Groin pain is serious business for athletes trying to stay in the game. Hockey and soccer players are at greatest risk for adductor muscle strain but any athlete in any sport can be affected. The adductor muscles are located along the inner thigh. Adductor strain is a major cause of groin pain in athletes. The temptation to play through the pain can lead to worse problems later. How can these injuries be prevented? In this review article, a group of sports medicine professionals searched the available studies on the problem of groin injuries in sports. The group included physicians, physical therapists, and athletic trainers. The focus was on the six muscles of the adductor muscle group. They made it clear right from the start that ignoring muscle strains or getting the wrong treatment can turn a minor problem into a major one. Chronic pain, loss of muscle function, and the end of a promising sports career may be the final results. How can this be avoided? First, identify who's at risk....
Definition A groin lump is localized swelling in the groin area (where the upper leg meets the lower abdomen). It may be firm or soft, tender or not painful at all. Alternative Names Lump in the groin; Inguinal lymphadenopathy; Localized lymphadenopathy-groin; Bubo; Lymphadenopathy - groin Considerations All groin lumps should be examined by your health care provider. Common Causes Allergic reaction Cancer Drug reaction Harmless (benign) cyst Hernia (usually a soft, large bulge in the groin on one or both sides) Infections in the legs Injury trauma to the groin area Lipomas (harmless fatty growths) Sexually transmitted diseases such as genital herpes, chlamydia, and gonorrhea Swollen lymph glands in the groin area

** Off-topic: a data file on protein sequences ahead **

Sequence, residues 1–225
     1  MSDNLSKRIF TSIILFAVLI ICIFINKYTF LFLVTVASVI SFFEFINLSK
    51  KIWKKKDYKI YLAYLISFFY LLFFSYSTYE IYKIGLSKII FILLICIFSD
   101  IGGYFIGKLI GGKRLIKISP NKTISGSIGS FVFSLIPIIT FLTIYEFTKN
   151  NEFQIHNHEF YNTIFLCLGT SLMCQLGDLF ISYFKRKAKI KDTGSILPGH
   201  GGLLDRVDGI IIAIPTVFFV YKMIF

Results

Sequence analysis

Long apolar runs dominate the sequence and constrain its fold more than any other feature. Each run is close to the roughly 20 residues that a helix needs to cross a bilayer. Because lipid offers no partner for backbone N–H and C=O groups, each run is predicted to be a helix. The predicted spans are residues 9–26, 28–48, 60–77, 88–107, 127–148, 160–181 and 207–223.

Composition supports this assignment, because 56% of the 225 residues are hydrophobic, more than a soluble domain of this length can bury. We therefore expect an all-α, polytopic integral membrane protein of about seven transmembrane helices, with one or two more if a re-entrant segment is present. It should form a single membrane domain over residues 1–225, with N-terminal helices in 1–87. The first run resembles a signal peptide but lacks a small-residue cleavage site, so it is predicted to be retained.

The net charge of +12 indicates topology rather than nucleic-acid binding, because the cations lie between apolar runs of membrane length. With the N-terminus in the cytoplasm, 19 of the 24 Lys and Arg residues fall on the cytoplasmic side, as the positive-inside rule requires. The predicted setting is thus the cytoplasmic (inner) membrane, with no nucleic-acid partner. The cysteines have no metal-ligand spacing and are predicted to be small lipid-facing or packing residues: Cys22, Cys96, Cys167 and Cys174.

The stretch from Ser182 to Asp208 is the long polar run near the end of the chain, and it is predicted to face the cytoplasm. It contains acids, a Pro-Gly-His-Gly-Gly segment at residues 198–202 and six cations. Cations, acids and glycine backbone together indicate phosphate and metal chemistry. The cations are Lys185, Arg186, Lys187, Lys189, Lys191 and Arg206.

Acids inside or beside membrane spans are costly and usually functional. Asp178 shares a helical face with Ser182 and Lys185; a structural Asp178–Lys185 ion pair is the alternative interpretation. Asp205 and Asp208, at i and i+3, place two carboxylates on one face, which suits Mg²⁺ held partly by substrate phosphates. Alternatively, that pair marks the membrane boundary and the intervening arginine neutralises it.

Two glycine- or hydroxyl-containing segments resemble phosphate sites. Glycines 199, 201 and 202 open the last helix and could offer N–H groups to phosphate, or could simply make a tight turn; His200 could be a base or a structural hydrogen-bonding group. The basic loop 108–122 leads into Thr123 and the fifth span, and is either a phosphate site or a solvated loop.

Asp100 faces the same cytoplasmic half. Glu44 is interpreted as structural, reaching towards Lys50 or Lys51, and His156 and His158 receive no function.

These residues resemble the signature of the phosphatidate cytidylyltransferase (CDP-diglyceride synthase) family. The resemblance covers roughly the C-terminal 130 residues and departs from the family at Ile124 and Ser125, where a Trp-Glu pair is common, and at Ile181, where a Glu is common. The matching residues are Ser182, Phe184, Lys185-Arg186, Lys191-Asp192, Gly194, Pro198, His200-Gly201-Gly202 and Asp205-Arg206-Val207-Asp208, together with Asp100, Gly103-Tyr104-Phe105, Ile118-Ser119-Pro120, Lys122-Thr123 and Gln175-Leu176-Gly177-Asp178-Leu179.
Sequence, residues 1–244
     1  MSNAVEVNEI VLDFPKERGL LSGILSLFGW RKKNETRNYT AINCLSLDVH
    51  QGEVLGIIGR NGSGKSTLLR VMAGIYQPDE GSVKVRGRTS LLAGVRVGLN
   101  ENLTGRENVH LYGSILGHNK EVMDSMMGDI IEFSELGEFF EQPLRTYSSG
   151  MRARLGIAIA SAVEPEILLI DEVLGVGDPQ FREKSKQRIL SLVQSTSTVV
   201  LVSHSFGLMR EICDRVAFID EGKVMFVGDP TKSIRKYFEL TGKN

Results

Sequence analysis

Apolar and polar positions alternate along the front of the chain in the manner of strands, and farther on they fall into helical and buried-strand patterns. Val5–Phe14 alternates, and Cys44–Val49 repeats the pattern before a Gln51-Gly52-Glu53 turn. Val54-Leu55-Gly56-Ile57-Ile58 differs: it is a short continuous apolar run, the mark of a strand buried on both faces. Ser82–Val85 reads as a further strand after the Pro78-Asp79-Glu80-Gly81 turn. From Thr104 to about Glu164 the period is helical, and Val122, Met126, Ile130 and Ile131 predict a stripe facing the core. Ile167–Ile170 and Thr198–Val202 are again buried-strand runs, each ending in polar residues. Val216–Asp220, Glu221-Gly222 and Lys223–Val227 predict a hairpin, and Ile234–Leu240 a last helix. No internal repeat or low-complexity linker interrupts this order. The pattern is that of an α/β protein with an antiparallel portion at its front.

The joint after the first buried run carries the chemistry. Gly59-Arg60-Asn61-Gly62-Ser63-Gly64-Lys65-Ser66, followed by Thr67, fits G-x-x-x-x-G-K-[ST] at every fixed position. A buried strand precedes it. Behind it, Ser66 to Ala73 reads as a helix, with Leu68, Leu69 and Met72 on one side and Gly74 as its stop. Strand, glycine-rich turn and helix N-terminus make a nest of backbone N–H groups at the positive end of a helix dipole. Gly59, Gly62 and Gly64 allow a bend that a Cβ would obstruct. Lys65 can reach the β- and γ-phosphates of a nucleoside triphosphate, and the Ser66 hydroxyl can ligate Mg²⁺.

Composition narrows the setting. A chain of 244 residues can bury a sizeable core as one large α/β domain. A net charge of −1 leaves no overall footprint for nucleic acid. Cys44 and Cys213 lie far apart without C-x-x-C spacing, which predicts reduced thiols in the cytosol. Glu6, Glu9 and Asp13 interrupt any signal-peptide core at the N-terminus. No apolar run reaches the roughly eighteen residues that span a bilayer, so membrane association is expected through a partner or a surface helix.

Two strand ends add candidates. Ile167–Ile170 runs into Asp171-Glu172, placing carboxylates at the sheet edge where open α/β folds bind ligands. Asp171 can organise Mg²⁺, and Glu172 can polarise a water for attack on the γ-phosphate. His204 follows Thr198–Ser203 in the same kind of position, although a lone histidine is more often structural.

Many would argue that back pain is inevitable and for some it becomes a sudden reality. Bending over to pick up a piece of paper, moving furniture, or reaching for something in the car's back seat; one of these scenarios may sound familiar to you. At home or at work, you need to know what to do when a sudden attack of back pain occurs. Fortunately, most back pain will get better naturally. But in order to improve your chances of recovery and to save yourself a trip to your doctor's office, you need to learn some first aid for back pain.
Those of you familiar with life-saving first aid remember the ABC's (Airway, Breathing, and Circulation). Let's apply the ABC's to your back; "A" for arrest the offending activity, "B" for balance the pressure, "C" for control the inflammation. With the ABC's for sudden back pain, you can quickly recover from a sudden back pain attack.
Let's go back to the scenarios: bending, lifting, and twisting (the BLT's). All of these activiti...
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